Orlando police are scrambling to save face after an ACLU report revealed that the city is using Amazon Rekognition technology.
Amazon Rekognition is an artificial intelligence service that lets developers easily analyze images for face, object, and scene identification. It allows images to be compared in real time and can identify large crowds of up to 100 people. When used in conjunction with geolocation services, it can also predict where someone is likely to be based on their previous movement patterns.
In a report shared by the ACLU, Amazon marketed Rekognition to law enforcement agencies as a surveillance tool. It was already being used in Orlando, Florida, and Washington County, Oregon.
According to the Orlando Sentinel, the Florida city is participating in a limited pilot. Downtown Orlando is outfitted with three cameras that use Amazon’s facial recognition technology, in addition to five cameras positioned inside police headquarters. Thus far, the system has only been used to identify seven Orlando officers, all of whom volunteered for the trial, police said.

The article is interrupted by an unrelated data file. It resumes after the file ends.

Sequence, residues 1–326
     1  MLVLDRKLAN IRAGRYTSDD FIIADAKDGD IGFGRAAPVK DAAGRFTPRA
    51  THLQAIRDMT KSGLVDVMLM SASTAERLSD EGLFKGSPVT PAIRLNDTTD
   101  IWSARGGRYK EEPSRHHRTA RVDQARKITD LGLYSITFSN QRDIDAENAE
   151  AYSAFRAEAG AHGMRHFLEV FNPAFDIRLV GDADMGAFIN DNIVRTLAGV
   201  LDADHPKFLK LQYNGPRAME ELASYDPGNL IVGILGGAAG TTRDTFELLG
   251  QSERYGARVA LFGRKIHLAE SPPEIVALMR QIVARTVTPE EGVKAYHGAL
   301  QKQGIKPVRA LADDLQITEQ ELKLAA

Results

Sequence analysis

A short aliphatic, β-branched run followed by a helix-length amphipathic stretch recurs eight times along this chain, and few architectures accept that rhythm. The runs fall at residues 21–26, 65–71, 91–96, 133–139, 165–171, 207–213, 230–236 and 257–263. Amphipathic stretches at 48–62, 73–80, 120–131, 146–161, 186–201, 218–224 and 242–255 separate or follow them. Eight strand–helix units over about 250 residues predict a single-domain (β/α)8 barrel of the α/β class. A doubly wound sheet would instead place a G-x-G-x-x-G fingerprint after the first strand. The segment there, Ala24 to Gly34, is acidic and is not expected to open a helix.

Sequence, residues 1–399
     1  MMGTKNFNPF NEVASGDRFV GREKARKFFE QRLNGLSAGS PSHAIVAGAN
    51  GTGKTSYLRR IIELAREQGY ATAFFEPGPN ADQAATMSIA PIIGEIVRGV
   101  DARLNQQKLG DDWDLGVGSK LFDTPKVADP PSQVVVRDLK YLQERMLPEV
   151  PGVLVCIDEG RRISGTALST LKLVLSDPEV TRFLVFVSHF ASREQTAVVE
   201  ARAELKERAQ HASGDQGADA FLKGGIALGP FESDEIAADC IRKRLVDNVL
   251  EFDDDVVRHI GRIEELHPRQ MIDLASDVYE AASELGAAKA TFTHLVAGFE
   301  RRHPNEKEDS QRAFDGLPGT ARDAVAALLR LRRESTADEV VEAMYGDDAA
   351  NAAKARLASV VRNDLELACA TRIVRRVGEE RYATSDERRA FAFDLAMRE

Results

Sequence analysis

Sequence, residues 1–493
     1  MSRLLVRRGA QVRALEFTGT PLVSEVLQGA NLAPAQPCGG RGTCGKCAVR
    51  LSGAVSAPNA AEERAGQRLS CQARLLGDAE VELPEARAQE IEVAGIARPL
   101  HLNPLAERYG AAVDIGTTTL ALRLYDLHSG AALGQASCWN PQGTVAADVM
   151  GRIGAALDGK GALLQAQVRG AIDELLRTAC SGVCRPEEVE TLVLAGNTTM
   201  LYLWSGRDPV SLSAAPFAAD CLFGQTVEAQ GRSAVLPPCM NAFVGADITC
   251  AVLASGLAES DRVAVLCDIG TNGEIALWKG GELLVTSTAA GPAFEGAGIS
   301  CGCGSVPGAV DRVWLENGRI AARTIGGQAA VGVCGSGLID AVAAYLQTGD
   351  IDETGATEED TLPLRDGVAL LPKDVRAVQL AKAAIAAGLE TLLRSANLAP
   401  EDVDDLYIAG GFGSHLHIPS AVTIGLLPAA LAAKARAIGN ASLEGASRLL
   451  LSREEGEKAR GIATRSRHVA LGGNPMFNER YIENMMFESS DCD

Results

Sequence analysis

“We would never use this technology to track random citizens, immigrants, activists, or people of color,” Orlando Police Chief John Mina said in a press conference Thursday. “The pilot program is just us testing this technology out to see if it even works.”
Mina said that the organization also tests a lot of different products and technologies on a regular basis, including guns, vests, and equipment for police cars.
Still, there are some concerns. After initially agreeing to reveal the downtown locations of the cameras, Orlando police later decided to withhold that information because it would be a security risk. Citizens also don’t know how long the trial has been in place.
Mina imagines that the technology would be implemented on police body cameras and would be used to search for criminal suspects. The overarching goal is to eventually use this tech to “increase public safety and operational efficiency,” according to Amazon, but for now, it’s simply a test.
H/T the Verge